7 suggestions for increasing Medicaid purchasing power and transitioning to value-based purchasing
The state was the largest healthcare services purchaser in New Jersey in 2016, spending over $15 billion on Medicaid. However, NJHCQUI suggested that New Jersey could increase its purchasing power by maximizing pharmaceutical cost savings and improving managed care organization performance incentives.
New Jersey anticipates spending $1.9 billion on pharmacy payments in 2017. The payments will go to five managed care organizations each with their own pharmacy benefits managers.
However, the state Medicaid program could be more efficient by combining pharmacy programs and implementing more value-based purchasing models, the report stated. New Jersey should consider using a statewide pharmacy benefits manager, reviewing managed care organizations quarterly to ensure rebates are being used, and developing pricing legislation that prevents some price hikes.
NJHCQUI also suggested that the state explore value-based or multistate purchasing models as well as patient-specific medication risk management tools to create more targeted medication pathways for patients.
To boost purchasing power, New Jersey should also update managed care organization contracts to align performance incentives with value-based purchasing models.
The Medicaid program currently sets reimbursement rates based on cost and utilization data. But Incorporating more performance incentives for value-based care could encourage managed care organizations to improve care quality and reduce costs.
Additionally, the report listed five recommendations for moving New Jersey’s Medicaid program to value-based purchasing. The state has implemented few value-based purchasing Medicaid models despite a federal push to tie more healthcare payments to alternative payment models.
To promote more value-based purchasing in the New Jersey Medicaid program, NJHCQUI suggested the following actions:
• Develop bundled payment model demonstrations for three to five care episodes, such as total joint replacements, maternity care, and cardiac care, and gradually implement prospective and risk-based payments
• Expand the statewide patient-centered medical home for another five years and open participation to federally qualified health centers and hospital-based primary care clinics
• Encourage hospitals and pediatricians to create a clinically integrated network of care for pediatrics by offering financial incentives for managed care organizations that contract with a certified network
• Establish a patient-centered medical home for medically complex children that includes monthly care coordination payments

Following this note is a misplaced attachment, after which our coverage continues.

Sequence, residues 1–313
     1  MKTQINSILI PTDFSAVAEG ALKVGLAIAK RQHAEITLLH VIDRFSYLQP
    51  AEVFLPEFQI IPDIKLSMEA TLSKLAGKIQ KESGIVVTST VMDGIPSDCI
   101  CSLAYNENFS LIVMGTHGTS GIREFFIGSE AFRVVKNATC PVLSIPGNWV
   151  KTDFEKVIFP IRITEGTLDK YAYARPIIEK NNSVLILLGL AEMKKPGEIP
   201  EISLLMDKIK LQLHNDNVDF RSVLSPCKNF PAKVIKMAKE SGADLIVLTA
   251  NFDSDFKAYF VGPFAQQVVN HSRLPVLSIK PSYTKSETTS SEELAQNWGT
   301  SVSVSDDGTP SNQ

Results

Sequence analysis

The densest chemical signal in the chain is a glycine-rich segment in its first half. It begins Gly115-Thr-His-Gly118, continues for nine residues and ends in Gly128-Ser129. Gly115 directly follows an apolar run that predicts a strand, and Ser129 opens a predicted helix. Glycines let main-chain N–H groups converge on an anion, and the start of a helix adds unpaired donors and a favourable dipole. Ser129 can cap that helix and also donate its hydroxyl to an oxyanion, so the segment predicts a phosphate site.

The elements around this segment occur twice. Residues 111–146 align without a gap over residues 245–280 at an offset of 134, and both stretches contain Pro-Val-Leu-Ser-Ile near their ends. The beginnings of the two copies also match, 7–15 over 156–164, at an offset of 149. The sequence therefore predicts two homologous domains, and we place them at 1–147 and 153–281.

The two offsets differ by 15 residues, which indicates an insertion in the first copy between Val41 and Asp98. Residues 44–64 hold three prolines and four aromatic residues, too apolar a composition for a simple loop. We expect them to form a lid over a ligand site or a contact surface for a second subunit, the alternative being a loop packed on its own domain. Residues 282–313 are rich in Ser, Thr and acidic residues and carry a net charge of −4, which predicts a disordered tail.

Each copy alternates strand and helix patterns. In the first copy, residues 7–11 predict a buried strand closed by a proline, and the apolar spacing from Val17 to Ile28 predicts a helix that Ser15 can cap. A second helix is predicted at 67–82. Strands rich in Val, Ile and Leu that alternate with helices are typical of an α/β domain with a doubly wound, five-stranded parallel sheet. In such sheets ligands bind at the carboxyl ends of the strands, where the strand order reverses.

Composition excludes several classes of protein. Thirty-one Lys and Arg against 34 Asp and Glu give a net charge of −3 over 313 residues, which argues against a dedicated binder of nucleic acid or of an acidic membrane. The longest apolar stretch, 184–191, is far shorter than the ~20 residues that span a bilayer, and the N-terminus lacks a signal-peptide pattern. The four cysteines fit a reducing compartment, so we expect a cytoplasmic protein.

• Create a value-based purchasing advisory council that ensures Medicaid programs are successfully implementing alternative payment models
Medicaid care delivery updates and population health management implementation
In the report, NJHCQUI also identified care delivery reforms and population health management implementation as key Medicaid program improvements.
The organization advised New Jersey to focus on integrating physical and mental health as well as substance abuse treatment. As part of better healthcare integration, the state should reconvene the Behavioral Health Integration Advisory Council.
New Jersey should also work on developing Medicaid reimbursement for long-term residential services for substance abuse disorders.
Population health management implementation should also help the Medicaid program address their population’s long-term healthcare in a more cost-effective manner. NJHCQUI recommended the following population health management improvements:
• Boost maternal and family health care by developing a maternity bundled payment model and increase contraception access
• Expand the Medicaid Accountable Care Organization demonstration to community-based providers and focus more on social determinants of health
• Use the state’s Next Generation Delivery System Reform Incentive Payment Program to financially incentivize providers to focus on population health
• Improve end-of-life care by promoting more hospice use, creating a statewide registry for Practitioner Orders for Life Sustaining Treatment (POLST) forms, integrating palliative and curative care, reimbursing providers for advance care planning, and educating potential providers on end-of-life conversations
Through the 25-point blueprint, NJHCQUI intends to improve New Jersey’s Medicaid program regardless of funding and political concerns.
“Each year, the state budget process demands more efficient ways to operate the program,” stated Linda Schwimmer, NJHCQUI President and CEO. “While the blueprint is not a solution to drastic cuts in federal funding, it identifies multi-year solutions and provides an effective roadmap that will improve the State’s Medicaid program.”